The Groupon Clipper

Andrew Mason runs the hottest website in social commerce. Will it make investors rich?

  • Ryan Pfluger for TIME

    Groupon CEO Andrew Mason, in a room built for an imaginary employee. The company has been hiring more than 100 real employees each month

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    Fortunately, Mason isn't silly enough to think he can run Groupon solo. "If I told people that I knew what I was doing, nobody would believe me," Mason says, "so why even try and fake it?" The company brought in former Yahoo! exec Rob Solomon as COO; Lefkofsky served as temporary CFO until the company hired Jason Child from Amazon for that role in December. One of their jobs will be to build on what is a deceptively simple business model. Groupon appears to be an online version of the coupons you get in the mail from local merchants or find in the Yellow Pages. Yet that's a huge market in itself. About $100 billion is spent annually on local advertising in the U.S. alone. A lot of that money is wasted, because local commerce is highly segmented and inefficient. A small shop can't acquire customers or advertise with the efficiency of a chain that has a number of locations in town.

    Groupon is poised to fix that broken model, and that fix could be worth billions. Why? Because tactically speaking, says Slavet, social shopping is going to be a "winner takes most" business: one in which a single brand takes command of a piece of turf and it becomes increasingly difficult for rivals, no matter how good, to make inroads. Groupon has held the top spot with both first-mover advantage and extremely robust technology. Think about other winner-takes-most businesses, such as search (Google), social networking (Facebook) and operating systems (Microsoft). Google is worth $198 billion, or roughly $6.70 for each dollar of sales. Apple, a hugely successful but low-market-share company, is worth $327 billion (it has twice Google's sales) but only $4.25 for each dollar of sales. Dominance pays.

    That's clearly what Groupon's funders are counting on. The company has accepted $950 million from a Who's Who of VCs, including Andreessen Horowitz, Battery Ventures, Greylock Partners and Kleiner Perkins Caufield & Byers. (In typical Mason cheek, the headline of the press release read, "Groupon raises, like, a billion dollars.") Still, the Google turndown has left some bankers shaking their heads. "Very few companies can emerge like Facebook has," says Scott Munro, a partner at Pagemill Partners, a VC company that isn't in the deal. "They must know something that I don't know to turn down that amount of dough."

    In any case, Google is no longer a buyer—it's a competitor. It has plans for its own social-commerce site, called Google Offers. Groupon's biggest rival, LivingSocial, is taking the other tack; it recently got a $175 million infusion from Amazon. The linkup provides LivingSocial with a technology platform from which to expand its base of 10 million subscribers.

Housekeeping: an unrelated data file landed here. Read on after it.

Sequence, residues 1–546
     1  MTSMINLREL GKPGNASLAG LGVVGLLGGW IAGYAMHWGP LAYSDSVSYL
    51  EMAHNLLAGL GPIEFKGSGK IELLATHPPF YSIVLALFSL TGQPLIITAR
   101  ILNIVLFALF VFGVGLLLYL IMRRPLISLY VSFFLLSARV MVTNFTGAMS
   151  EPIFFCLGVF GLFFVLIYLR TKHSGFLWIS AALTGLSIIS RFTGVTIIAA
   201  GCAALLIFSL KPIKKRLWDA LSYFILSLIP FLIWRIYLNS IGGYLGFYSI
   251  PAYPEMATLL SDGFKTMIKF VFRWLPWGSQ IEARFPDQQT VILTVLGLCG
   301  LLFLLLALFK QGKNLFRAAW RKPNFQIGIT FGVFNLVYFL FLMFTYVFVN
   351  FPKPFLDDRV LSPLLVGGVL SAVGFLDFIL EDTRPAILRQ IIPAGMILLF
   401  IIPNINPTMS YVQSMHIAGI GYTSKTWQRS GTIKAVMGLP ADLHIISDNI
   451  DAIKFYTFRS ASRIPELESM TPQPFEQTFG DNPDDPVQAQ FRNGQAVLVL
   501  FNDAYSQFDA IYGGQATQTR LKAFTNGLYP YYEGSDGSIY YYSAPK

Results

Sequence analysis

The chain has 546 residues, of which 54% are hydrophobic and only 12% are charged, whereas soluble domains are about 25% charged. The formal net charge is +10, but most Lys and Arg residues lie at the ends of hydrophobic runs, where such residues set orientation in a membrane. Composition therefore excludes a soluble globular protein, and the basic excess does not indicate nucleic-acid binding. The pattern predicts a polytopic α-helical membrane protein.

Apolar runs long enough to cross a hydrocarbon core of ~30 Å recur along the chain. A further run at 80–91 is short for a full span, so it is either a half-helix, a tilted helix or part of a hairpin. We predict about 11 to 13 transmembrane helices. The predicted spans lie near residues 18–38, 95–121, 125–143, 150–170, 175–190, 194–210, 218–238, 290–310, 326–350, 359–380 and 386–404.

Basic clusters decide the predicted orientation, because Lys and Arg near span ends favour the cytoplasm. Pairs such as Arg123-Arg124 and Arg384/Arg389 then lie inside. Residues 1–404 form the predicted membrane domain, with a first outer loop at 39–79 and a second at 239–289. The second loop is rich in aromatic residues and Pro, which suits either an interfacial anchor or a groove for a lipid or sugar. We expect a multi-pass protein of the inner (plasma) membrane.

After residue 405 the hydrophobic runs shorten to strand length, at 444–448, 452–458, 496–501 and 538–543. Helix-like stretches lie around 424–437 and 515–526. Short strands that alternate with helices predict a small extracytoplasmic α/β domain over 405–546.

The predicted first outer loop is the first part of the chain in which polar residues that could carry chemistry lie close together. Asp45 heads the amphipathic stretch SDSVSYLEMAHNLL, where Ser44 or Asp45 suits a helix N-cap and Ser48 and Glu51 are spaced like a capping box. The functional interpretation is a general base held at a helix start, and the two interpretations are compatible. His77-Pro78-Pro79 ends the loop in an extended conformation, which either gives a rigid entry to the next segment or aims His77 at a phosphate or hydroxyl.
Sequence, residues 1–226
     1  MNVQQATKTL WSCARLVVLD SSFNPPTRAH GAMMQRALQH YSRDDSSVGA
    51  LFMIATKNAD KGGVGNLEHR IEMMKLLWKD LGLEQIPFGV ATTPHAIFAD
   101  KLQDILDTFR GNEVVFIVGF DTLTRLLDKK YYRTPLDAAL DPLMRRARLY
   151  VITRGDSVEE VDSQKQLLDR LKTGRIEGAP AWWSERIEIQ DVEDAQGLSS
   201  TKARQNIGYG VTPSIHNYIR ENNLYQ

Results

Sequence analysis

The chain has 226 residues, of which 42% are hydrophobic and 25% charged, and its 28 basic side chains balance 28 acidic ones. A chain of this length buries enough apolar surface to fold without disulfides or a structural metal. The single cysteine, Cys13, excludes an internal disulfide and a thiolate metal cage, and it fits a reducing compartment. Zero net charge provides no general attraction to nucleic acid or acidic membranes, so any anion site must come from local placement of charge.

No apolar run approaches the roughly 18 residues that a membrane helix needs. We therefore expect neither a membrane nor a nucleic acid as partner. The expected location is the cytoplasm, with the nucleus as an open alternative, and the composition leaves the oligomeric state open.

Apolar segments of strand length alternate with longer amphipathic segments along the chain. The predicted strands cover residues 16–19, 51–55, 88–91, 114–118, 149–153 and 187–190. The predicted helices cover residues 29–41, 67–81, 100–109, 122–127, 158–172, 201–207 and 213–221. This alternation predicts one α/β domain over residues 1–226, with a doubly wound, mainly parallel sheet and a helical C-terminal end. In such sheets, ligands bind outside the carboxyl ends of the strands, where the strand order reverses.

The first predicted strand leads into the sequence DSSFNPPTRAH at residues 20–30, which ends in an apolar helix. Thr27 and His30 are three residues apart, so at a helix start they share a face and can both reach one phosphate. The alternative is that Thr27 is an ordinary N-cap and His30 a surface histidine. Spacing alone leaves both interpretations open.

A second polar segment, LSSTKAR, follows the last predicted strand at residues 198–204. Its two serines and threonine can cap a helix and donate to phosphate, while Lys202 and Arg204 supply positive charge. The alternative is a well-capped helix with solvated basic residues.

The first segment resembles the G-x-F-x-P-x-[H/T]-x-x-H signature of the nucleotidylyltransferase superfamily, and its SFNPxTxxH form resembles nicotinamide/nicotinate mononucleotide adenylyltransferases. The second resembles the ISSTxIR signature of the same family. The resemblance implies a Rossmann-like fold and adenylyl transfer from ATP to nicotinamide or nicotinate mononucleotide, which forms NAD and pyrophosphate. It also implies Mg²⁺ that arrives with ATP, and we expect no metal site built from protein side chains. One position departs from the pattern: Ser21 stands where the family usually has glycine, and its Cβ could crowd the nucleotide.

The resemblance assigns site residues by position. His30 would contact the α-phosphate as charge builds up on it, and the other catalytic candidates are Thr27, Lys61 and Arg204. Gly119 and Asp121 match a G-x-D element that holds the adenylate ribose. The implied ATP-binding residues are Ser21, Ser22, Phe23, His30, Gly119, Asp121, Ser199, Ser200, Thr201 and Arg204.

The need for speed is essential because hundreds of competing sites have cropped up globally. Mason doesn't see much of a threat yet; the company is still gaining market share. But to hold off that herd, he is developing what he calls Groupon 2.0. The first phase of social commerce was connecting local merchants with the locals—shotgun blasts of discounts that were targeted generally. The next phase is hyper-local: knowing where subscribers live and what their interests are, curating their commercial experiences and sharing with friends. Think of yourself walking around with a locationally aware smart phone and Groupon knowing not just what you like but also what might pique your curiosity. "So you have this awareness stream of interesting deals as they've been introduced to people and popularized through Twitter and Facebook, and we think what we're doing at Groupon lives at the intersection of those two," says Mason.

    To get there will require the kind of data massaging that's well beyond the average social-shopping site. In fact, Groupon's investors believe its strength is in its data mining and not necessarily in its consumer interface, which is easily copied. These are the algorithms that conjure perfect deals at perfect times. Says Slavet: "The data is the defensibility of their model."

    Groupon is going to get a test of that defensibility as it plants its flag around the globe. The company is trying to line up China, although that goofball Tibet ad isn't going to help much. "One of the challenges of innovation is figuring out how to wipe your mind clean about what you should be doing at any given moment," says Mason, "and not having a religious attachment to what's gotten you there thus far." His investors might quibble with the sentiment, but that's how Mason's mind works. It's out there looking for, like, the next coolest idea.

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